By Victoria Gourdin
Meter Staff Writer
West Side Story is a well-known play that follows the unrequited love story of Maria and Tony trapped in the midst of gang violence and ethnic differences, much like that of Shakespeare’s tragedy Romeo and Juliet. Tennessee State University’s Dr. William Crimm has put his creative license to use as he directs and recreates his own version of the story.
His overall eccentric cast comes from many different backgrounds and levels of experience. While that may prove to be challenging at times, they all have a general thirst and hunger “to do what they have not done before” says Dr. Crimm.
Many of the students outside of the theater “don’t know the process or how many hours it will take, and they learn patience and how to be supportive of each other,” says Dr. Crimm. He believes that bridging this divide is important and the theater is absolutely a part of that.
The director almost could not wait to say that “West Side Story is dealing with the issues of today.” TSU and the rest of the world constantly face gangs and campus shootings, and he wants to show through the arts how the needless killings and subsequent violence are not needed in society and in a college environment.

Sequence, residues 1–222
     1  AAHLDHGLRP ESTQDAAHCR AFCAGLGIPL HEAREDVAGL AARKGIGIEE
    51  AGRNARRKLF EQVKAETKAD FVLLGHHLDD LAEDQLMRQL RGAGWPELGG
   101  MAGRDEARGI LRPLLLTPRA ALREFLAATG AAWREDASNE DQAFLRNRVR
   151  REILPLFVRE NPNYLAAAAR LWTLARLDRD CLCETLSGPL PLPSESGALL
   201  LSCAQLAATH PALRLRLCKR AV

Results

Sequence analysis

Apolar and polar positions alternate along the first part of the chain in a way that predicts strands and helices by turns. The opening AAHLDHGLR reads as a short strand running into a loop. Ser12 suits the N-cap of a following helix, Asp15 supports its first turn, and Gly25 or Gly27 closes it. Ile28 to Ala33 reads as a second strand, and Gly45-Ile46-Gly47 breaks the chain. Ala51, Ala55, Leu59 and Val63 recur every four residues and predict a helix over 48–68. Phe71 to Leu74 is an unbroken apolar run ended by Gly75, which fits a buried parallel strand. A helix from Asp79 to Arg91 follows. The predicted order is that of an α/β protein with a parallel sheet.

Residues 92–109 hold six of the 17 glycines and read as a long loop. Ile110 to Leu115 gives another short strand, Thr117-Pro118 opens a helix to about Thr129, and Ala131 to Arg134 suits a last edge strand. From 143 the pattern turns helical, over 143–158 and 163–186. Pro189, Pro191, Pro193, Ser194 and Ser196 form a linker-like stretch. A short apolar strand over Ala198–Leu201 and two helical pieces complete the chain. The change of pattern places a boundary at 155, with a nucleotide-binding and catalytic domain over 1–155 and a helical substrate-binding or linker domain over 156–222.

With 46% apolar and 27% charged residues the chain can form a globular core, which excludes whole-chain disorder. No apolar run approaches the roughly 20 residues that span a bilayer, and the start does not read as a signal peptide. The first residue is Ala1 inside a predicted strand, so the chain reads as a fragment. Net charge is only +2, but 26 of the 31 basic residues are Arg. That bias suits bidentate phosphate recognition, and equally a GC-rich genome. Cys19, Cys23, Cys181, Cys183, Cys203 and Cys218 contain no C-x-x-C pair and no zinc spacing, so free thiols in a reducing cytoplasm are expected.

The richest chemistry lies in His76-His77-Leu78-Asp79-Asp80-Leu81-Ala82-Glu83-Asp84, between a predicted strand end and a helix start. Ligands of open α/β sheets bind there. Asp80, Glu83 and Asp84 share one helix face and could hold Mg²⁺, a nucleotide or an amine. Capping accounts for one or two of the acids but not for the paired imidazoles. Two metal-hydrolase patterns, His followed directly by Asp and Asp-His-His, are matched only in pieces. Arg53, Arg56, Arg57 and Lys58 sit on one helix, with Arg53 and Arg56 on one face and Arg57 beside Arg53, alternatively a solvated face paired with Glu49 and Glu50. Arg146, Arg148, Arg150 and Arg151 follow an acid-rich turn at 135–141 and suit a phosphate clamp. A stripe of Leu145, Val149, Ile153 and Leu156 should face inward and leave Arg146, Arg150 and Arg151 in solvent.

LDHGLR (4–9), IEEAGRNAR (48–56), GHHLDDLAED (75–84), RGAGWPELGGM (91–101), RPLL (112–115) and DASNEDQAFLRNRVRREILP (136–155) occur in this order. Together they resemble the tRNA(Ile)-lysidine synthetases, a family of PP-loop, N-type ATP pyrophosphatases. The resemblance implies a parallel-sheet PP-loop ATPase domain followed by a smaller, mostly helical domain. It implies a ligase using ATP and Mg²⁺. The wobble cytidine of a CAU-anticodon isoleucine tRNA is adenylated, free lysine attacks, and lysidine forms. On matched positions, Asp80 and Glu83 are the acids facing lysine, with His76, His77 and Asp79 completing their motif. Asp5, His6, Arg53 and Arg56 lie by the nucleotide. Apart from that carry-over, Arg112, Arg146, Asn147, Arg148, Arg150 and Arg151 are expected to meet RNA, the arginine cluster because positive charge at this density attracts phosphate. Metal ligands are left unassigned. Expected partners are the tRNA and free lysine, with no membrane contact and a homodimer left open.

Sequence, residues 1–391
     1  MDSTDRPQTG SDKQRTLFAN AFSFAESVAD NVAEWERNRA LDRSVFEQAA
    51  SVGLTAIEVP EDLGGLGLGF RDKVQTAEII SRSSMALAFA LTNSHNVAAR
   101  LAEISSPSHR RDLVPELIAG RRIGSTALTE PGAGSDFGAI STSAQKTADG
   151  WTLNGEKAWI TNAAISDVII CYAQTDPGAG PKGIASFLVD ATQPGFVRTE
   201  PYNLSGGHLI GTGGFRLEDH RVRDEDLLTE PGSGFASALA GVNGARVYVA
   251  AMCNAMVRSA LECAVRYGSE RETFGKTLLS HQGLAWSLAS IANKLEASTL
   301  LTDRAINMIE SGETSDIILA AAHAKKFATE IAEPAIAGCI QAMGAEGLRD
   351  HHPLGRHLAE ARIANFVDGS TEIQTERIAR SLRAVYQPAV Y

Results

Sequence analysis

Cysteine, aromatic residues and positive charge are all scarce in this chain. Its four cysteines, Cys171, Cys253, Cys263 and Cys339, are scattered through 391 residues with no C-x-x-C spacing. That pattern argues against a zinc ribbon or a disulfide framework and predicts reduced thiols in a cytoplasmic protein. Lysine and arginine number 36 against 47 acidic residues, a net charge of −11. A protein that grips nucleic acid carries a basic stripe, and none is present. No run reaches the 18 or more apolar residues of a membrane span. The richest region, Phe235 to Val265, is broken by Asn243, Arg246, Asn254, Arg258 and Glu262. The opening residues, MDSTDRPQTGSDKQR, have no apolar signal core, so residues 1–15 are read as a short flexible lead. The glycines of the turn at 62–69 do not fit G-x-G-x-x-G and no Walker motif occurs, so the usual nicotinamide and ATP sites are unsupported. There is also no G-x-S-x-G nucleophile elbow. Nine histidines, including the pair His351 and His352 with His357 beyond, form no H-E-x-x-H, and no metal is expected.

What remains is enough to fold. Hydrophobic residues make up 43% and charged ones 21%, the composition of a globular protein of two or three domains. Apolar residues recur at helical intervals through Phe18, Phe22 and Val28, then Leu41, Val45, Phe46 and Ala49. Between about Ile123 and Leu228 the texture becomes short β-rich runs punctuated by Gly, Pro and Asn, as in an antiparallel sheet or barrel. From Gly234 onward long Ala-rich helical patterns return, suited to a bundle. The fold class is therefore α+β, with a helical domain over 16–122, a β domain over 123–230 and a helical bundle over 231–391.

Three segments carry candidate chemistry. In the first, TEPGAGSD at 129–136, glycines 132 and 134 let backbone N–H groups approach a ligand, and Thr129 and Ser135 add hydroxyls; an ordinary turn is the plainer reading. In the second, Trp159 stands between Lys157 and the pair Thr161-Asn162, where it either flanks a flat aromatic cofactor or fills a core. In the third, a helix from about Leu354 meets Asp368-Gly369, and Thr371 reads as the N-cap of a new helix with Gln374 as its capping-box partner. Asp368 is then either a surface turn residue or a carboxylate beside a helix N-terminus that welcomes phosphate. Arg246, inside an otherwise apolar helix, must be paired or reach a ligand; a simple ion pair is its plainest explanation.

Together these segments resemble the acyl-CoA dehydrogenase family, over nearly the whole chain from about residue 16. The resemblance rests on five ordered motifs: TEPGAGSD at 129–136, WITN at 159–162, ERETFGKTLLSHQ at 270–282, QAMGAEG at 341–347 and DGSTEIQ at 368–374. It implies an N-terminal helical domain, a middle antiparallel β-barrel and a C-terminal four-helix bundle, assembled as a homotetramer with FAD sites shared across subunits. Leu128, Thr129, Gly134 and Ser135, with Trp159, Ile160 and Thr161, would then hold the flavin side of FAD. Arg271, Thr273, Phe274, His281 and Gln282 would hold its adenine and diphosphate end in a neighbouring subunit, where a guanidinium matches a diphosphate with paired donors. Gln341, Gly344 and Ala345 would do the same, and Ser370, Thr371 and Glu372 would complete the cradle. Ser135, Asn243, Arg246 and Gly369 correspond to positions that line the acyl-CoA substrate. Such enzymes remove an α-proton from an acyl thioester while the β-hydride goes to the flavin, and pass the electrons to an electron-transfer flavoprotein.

The actors are not being educated on the stage of the PAC; they are being trained. According to Dr. Crimm, at the end of training, there will be an ability to demonstrate that the actors have mastered the overall goals. One of those goals is to bring a show to life.
Despite its original Puerto Rican/American form, the directors of this show were clear when they mentioned that it was in fact an African American adaptation. Because of that, while the music and script have not changed, certain parts of the dance have, mainly the style.
Instead of it being just traditional forms of “ballet or modern dance, you can see hip hop and jazz coming out in the moves,” said Dr. Peter Anthony Fields Jr., choreographer in his second year working with TSU’s theater program.
None of the current process would have gone as smoothly as it has so far without the help of stage manager Anderow (Drew) Shafik. Drew is a mass communications major from Egypt , and is not only a stage manager but also a props manager and will spend some time on stage with his fellow actors.
When asked about his experience as stage manager he described it as wonderful because he “gets to see what it’s like [behind the scenes], working hands on with the music.” He also has the responsibility to call the show and therefore has to know the show inside and out.
Thanks to set director Mr. David Brandon and his crew, there will be a beautiful visual aspect to the show to add on to the actors and the dancers along with all of the background work.
West Side Story presented by Tennessee State University opens up for the public on March 31st and goes through April 3rd in the Cox-Lewis Theatre in the Performing Arts Center.